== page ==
Apart from blackmailing patients to keep data private as in the Finnish case, hackers can also use data for identity theft…While businesses and organisations are affected by cyber attacks, it is ultimately patients who suffer. The WannaCry attack resulted in services being taken offline, forcing the delay or cancellation of healthcare procedures.Alterations can be made to physical devices through cyber attacks that could make them unsafe, according to Howard Holton, an analyst from GigaOm, a technology research and analysis company. “If we look at the risk of an MRI machine, X-ray machine or dialysis machine, the potential damage to the patient is huge. Life-saving machines could also be turned into non-functioning devices, leaving patients without access to treatment,” he says, adding that such attacks undermine patient trust in the health organisations.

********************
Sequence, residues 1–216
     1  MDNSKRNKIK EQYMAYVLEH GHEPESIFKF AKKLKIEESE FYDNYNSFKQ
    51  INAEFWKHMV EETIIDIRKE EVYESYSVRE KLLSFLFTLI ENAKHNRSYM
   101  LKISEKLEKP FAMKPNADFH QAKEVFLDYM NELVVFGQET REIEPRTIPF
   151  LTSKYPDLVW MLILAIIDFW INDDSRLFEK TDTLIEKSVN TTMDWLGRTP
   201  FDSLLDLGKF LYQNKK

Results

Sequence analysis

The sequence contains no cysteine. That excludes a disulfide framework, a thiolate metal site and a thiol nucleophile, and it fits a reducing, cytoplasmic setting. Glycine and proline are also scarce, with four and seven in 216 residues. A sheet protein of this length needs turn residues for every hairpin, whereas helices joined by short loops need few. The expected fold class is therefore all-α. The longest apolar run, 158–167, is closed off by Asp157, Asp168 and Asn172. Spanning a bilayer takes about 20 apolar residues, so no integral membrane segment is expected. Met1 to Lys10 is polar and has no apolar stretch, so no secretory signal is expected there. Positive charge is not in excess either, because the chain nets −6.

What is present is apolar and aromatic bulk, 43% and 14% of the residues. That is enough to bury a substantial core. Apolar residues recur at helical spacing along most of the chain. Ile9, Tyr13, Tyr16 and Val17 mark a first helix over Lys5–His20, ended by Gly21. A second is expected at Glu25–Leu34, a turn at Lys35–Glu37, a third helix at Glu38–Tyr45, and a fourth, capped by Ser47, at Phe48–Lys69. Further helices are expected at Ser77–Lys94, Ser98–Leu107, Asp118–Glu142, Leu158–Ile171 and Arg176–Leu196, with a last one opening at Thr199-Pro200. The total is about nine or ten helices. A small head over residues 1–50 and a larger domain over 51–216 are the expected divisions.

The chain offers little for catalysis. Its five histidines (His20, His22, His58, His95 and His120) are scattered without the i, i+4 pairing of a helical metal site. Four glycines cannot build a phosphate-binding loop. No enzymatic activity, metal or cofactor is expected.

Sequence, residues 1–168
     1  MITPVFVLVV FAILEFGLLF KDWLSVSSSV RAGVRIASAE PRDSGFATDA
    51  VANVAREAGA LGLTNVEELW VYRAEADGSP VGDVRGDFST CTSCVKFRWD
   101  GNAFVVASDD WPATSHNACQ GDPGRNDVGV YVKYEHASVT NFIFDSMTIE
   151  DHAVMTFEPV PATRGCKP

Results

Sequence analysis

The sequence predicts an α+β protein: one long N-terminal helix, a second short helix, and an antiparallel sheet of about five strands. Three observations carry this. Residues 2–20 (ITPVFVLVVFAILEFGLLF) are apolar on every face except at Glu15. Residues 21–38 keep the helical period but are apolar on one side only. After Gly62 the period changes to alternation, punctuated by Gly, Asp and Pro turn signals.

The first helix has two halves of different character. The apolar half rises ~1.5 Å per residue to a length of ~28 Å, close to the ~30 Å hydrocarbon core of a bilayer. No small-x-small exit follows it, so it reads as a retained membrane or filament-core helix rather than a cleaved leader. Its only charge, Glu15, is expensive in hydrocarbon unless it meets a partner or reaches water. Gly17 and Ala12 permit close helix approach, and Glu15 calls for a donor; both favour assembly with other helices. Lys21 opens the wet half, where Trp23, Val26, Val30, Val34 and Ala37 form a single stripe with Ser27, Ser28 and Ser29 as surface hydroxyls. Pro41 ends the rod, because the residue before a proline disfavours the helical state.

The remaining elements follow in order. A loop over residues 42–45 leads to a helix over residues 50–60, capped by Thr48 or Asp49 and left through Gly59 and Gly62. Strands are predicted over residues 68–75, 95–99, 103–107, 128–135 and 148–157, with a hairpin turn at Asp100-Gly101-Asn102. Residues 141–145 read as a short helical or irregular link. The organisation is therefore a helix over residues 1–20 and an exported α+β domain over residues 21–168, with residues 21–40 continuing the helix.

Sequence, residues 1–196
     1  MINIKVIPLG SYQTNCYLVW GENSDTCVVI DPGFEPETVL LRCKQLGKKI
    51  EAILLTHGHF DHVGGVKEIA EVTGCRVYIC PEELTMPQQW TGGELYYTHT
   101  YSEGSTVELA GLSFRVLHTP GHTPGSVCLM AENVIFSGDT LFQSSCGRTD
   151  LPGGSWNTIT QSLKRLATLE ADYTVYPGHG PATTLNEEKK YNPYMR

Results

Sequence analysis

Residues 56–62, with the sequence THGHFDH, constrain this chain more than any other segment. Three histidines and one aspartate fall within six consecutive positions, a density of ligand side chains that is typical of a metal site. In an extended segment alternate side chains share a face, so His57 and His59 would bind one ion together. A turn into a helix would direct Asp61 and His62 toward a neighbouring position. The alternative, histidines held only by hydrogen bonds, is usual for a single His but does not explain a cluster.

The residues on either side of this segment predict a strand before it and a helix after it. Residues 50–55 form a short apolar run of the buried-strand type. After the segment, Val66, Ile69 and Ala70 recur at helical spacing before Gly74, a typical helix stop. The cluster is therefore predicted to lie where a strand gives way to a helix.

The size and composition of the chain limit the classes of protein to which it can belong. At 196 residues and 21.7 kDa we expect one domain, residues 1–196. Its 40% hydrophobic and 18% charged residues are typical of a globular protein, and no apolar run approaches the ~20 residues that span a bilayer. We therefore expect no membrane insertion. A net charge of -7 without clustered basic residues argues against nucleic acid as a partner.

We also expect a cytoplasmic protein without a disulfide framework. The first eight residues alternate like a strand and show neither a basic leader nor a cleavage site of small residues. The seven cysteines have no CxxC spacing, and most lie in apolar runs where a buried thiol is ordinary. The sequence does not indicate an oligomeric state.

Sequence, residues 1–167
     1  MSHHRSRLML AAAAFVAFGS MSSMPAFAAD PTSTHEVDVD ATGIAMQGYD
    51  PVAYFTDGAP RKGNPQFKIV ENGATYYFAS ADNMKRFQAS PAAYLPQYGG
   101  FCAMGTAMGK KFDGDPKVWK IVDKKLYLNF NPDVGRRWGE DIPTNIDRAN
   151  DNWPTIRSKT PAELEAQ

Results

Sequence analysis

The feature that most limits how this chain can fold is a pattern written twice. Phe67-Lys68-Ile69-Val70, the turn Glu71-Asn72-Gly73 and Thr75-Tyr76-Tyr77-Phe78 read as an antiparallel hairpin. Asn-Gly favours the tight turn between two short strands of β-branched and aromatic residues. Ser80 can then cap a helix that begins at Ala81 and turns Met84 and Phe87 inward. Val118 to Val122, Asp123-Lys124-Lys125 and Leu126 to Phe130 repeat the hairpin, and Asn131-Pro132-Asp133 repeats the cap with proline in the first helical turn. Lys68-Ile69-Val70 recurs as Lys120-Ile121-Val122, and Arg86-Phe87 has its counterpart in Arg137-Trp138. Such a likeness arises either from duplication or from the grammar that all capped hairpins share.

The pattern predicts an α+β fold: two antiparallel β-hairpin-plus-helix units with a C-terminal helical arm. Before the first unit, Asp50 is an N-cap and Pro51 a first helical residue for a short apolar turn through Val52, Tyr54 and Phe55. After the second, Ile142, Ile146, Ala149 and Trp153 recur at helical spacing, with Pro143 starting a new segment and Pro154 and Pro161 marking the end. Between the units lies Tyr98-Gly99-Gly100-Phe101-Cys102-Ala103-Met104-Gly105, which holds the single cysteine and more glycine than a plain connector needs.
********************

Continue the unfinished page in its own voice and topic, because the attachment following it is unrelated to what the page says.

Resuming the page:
This is disturbing, to say in the least.
I think the bigger threat to healthcare organisations is going to from ensuring “data integrity”. For example, how do I trust the values reflected on the console of linear accelerator. How can I ensure that the values have not been tampered for radiation delivery? Those are pressing issues and requires a greater deal of vigilance. It is not the “problem of the IT team” or the “physicists” but a complete ownership of the system and ensuring an end to end compliance/audit.